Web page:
While copyright law is at the center of a few recent disputes over intellectual property protection for typefaces and fonts, design patents are an often-overlooked mechanism for protecting these designs. Those who develop or license fonts will benefit from the following summary of the available protections for the visual appearance of typefaces and fonts, which includes novel “emoji” sets.

In recent years, House Industries, a font foundry, has made copyright infringement accusations against Michaels Stores, Inc. and NBCUniversal Media, LLC relating to alleged copying of fonts. Seeing the writing on the wall, Shake Shack Enterprises, LLC recently filed declaratory judgment action against House Industries to preempt such a copyright infringement accusation. While the outcomes of these copyright infringement cases will be fact specific, the recent rise in such accusations warrants a renewed look at the legal tools available to protect and enforce the visual appearance of typefaces and fonts.


Because copyright law requires a certain minimum level of creative authorship to impart protection, typefaces and fonts are treated differently. “Typeface” refers to the visual appearance or design of a type, i.e., letters, but typefaces are generally not protectable under copyright law since they are considered to lack the required level of creative authorship. On the other hand, a “font” refers to the software used to generate the typeface on a screen or page and is generally protectable under copyright law, assuming it has the required level of creativity. Because protection of typeface designs are not typically permitted under copyright law, design patents are regularly filed to protect them.

Design Patents

Design patents can protect the ornamental design for a font or typeface if the design passes the standard patent hurdles of novelty and non-obviousness. Unlike copyright law, there is no per se minimum level of creativity required under design patent law, but the design must be ornamental as well as novel and nonobvious over the prior art, i.e., existing fonts and typefaces.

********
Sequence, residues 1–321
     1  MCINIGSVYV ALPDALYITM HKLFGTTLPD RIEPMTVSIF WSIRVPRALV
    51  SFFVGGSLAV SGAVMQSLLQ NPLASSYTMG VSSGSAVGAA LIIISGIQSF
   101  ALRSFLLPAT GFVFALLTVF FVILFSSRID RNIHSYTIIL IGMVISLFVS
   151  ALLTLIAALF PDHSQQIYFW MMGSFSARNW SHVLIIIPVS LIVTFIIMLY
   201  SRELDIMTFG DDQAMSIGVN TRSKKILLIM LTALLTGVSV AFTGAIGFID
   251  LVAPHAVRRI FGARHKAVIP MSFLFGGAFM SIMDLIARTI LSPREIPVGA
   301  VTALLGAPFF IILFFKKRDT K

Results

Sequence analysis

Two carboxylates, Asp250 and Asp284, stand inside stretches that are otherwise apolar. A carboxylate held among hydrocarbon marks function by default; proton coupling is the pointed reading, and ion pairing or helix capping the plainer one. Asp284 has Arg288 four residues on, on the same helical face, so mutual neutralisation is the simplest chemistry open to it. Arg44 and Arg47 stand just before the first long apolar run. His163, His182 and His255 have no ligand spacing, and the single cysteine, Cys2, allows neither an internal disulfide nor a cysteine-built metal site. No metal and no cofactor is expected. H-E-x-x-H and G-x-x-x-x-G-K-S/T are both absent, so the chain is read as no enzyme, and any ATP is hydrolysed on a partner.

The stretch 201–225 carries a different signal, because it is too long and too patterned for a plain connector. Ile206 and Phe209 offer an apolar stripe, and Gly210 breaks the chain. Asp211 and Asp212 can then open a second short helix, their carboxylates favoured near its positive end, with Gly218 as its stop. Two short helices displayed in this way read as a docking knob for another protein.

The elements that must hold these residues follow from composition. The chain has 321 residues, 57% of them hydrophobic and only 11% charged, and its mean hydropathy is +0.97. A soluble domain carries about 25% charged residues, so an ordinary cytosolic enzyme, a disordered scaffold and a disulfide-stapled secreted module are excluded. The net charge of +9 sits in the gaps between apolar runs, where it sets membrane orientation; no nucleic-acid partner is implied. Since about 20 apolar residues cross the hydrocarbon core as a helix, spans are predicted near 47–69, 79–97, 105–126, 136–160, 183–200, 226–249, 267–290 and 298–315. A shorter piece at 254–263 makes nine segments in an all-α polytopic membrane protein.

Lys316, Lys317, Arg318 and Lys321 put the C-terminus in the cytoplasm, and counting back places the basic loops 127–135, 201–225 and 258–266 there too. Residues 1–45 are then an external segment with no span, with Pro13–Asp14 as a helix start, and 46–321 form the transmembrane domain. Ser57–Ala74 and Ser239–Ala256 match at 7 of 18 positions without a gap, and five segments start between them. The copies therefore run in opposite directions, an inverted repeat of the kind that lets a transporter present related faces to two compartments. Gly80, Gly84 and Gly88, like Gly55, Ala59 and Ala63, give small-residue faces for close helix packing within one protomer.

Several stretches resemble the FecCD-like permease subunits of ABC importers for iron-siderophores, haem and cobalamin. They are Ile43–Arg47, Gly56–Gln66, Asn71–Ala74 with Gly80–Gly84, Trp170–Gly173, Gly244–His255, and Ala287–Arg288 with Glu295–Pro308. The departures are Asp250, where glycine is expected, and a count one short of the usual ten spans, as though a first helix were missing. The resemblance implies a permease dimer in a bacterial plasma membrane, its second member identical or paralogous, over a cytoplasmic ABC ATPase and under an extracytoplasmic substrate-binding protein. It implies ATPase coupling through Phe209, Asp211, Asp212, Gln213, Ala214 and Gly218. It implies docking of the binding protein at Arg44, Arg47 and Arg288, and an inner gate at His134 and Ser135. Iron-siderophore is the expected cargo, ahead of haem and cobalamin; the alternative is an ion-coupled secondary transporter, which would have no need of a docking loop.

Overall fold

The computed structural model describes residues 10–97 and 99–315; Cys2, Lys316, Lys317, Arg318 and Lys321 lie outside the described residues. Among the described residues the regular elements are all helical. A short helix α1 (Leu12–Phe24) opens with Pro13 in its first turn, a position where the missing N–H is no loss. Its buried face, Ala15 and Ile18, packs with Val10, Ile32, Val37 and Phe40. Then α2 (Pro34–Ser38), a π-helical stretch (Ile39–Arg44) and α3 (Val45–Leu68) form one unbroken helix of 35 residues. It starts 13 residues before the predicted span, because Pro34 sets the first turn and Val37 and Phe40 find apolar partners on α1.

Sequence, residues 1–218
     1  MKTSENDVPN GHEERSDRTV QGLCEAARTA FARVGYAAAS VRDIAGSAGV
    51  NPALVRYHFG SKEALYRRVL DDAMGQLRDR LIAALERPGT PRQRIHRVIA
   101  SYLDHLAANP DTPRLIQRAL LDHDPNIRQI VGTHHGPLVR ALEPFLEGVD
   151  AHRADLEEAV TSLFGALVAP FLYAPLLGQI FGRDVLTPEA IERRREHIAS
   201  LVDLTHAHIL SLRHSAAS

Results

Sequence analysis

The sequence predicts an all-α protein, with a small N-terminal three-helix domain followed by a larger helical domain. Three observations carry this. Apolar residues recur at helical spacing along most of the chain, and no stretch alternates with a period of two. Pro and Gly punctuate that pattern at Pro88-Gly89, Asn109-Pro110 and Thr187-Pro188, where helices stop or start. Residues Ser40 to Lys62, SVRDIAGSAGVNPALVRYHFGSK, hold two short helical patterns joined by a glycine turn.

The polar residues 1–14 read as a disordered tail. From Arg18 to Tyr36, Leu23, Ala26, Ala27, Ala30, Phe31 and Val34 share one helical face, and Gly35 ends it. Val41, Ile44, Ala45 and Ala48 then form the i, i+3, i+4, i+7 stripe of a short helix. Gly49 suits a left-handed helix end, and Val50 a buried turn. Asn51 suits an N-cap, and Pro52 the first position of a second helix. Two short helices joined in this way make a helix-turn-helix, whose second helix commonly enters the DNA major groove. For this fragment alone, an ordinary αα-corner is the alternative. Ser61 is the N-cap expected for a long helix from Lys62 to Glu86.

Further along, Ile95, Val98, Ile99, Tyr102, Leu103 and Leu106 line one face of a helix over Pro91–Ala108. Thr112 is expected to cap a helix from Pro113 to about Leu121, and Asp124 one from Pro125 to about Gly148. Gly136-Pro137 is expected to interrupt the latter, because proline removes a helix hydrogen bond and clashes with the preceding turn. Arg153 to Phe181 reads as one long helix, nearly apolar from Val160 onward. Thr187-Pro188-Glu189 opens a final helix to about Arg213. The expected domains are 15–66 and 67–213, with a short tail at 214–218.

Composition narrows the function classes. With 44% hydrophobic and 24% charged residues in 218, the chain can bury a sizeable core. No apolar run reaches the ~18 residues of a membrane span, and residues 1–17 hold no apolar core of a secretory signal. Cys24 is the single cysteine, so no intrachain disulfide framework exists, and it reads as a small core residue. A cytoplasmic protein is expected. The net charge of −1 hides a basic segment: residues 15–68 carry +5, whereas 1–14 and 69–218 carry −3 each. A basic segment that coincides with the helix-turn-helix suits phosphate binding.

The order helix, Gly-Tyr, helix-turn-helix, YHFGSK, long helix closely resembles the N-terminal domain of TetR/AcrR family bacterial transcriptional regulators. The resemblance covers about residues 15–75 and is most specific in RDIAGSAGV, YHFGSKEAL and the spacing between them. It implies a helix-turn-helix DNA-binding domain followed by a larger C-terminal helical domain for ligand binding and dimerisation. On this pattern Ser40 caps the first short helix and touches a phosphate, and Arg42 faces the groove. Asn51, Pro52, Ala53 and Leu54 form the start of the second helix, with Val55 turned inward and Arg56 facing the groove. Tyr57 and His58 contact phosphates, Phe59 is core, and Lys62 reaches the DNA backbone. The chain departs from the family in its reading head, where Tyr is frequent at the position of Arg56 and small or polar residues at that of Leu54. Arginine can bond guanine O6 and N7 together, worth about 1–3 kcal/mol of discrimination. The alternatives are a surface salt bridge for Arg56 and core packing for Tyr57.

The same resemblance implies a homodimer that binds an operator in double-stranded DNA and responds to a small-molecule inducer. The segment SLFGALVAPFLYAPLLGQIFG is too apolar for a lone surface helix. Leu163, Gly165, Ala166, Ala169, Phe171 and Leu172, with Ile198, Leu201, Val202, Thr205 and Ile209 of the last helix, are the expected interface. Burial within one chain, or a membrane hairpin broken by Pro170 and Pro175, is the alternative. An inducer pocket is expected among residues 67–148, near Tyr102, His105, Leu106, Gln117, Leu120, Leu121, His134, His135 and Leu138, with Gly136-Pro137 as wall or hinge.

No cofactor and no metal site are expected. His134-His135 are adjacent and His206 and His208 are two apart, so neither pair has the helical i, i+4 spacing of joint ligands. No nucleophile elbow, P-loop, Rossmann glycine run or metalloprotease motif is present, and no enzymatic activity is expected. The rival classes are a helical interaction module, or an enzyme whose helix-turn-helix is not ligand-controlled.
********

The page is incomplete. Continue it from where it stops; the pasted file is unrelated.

More than 370 designs for the ornamental design of a typeface, font, or type font have issued in the U.S. over the past 20 years. And because there are no maintenance fees required to keep U.S. design patents alive throughout their 15-year term, the lion’s share of these issued designs remain in force. Noteworthy companies like Samsung, Apple, Google, and Adobe all own several design patents for typefaces, examples of which are provided below.

FIG. 1 of U.S. Design Patent No. D879874, owned by Adobe, Inc., for a “Typeface”

FIG. 1 of U.S. Design Patent No. D738429, owned by Samsung Electronics Co., Ltd., for a “Typeface”

FIG. 1 of U.S. Design Patent No. D964458, owned by Apple Inc., for a “Type Font”


Under the right circumstances, i.e., a significant period of substantially exclusive and continuous use, it’s even possible for typefaces and fonts to become trademarks of their respective owner or user. While such “acquired distinctiveness” might be particularly difficult to establish in a font or typeface given the varied ways in which fonts and typefaces appear to the public, such a trademark right “maturing” is not without precedent and can be incredibly powerful if obtained, given that trademark rights may exist in perpetuity as long as a mark remains in use.

The Quarles & Brady design rights legal team is nationally-recognized for its extensive knowledge and practice experience in this complex and important field. For questions about this article or on how to incorporate design-related legal rights into your intellectual property portfolio, please contact the author(s) of this post directly or send a message to the team via our Contact page.